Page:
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    Wood joints


    Summary: Learn the different types of wood joints and the different ways to join wood, learn how to join wood, mitre joints, butt joints, mortise and tenon joints, scarf joints, dovetail joints and halving Joints.



    Butt joints

    Butt joints are the simplest and weakest form of joint where one section of wood is butted head-on to another.

    • The joint can be nailed, glued, or screwed, or end to edge joints can be joined with corrugated or u-shaped fasteners.
    • If the joint is fixed with dowels inserted into mortises it is known as a dowel joint.
    • Where sections of wood are butted in a corner, you may need to fit a joining strip.
    • Biscuit butt joints are reinforced with an oval piece of wood fitted in matching mortises in both members of the joint. The biscuit absorbs some moisture from the glue and swells up in the mortise, creating a tightly fitting joint.
    • Knock-down fasteners are typically used for flat-pack furniture. Male and female parts are attached to the members and joined with a lock or screw. This is sometimes called a knock down joint.

    Mitre joints

    Mitring is a useful technique for joining sections of wood as it makes a neater joint than a straight butt joint. It is particularly useful when it comes to running skirting boards, dados, or worktops around a corner.

    • To measure a mitre angle, calculate half the angle of the corner. Most walls join at a 90º right-angle and will therefore require members to be cut at 45º angles.
    • If corners are not square, an angle finder would comes in useful for working out the angle.
    • The easiest way to make a mitre cut is to use a power mitre saw. This will save you the trouble of measuring and marking angles on the wood, and make a neater cut. Simply clamp the wood to the saw and set the blade to the desired angle.

    Mortise and tenon joints

    One member has a recess or cavity cut into it, which interlocks with a matching peg on the other member to form a joint, as used in a mortise lock on doors. The part with the hole is called the mortise, and the male part the tenon. Fixed with glue, pins or simply wedged.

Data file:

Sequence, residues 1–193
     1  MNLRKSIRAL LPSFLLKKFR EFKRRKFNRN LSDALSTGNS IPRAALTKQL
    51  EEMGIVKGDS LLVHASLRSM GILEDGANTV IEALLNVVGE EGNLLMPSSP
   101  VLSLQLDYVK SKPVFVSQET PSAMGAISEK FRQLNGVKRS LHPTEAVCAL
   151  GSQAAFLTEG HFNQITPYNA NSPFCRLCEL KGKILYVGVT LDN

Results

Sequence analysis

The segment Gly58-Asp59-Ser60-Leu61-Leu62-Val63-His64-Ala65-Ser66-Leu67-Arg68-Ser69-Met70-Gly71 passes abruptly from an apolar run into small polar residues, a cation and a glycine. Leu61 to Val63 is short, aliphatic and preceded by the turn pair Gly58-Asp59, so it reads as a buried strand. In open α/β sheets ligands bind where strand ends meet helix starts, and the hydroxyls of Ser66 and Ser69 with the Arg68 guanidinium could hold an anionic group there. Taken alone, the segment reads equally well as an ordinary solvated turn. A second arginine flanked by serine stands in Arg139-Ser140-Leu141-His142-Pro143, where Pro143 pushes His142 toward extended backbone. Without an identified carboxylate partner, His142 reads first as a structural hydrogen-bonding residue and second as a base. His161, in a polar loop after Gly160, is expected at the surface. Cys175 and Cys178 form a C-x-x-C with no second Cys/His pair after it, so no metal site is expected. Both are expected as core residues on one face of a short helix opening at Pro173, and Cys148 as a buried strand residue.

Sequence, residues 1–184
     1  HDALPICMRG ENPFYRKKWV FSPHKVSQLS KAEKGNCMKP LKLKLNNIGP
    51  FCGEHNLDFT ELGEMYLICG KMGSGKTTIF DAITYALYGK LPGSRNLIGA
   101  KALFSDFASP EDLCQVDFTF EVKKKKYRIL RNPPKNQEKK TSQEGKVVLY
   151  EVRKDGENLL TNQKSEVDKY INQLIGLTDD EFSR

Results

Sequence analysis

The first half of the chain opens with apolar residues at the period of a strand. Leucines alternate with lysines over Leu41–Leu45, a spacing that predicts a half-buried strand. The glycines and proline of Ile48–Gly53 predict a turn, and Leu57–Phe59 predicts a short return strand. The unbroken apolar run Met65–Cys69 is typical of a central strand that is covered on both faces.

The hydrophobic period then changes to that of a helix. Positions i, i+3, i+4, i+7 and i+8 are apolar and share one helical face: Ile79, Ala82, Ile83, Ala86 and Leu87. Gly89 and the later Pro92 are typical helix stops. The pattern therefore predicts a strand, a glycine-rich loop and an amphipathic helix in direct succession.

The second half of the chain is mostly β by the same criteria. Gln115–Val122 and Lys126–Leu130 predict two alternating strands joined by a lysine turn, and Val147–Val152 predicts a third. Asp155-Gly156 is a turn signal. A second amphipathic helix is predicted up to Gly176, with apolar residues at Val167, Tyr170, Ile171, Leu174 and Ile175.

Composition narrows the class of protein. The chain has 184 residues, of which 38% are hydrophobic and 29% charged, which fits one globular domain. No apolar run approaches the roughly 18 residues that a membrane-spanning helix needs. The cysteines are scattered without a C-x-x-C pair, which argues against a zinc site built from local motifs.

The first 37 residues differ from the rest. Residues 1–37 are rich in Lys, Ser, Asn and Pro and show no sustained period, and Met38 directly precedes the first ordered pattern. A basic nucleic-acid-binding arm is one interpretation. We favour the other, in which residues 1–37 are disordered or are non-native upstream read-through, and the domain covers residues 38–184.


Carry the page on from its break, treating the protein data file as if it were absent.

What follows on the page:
Scarf joints

    A stronger joint than a butt joint, a scarf joint is often used when the materials being joined are not long enough or when an invisible glue line is required. To form the joint, cut both members to a fine tapered point, using an angle of between 1:8 and 1:10.


    Dovetail joints

    Formation: A series of pins cut into one half of the joint interlock with a series of recesses cut into the other half.

    • Dovetail joints are used where a strong joint is needed such as for a drawer.
    • A sliding dovetail is used to join members at right angles – one member slides into a groove cut in the other.
    • Similar to a combing joint except that the pins are not square but slightly angled.

    Halving Joints

    A halving joint is simply where one piece of wood crosses over another. Half the thickness of the timber is removed from each piece so that they interlock to form a flush joint. There are various ways of interlocking the sections:

    • A cross halving joint simply involves rebates cut in both members being joined so that they interlock in the middle of the cross.
    • A Tee halving joint is formed by rebating the top of one member and the middle of the other
    • A corner halving joint involves rebating the ends of both members so that they interlock in the corner.
    • A dovetail halving joint involves cutting the sides of both members at an angle of about 30 degrees so that the interlocking pieces resemble a tapered dove’s tail.



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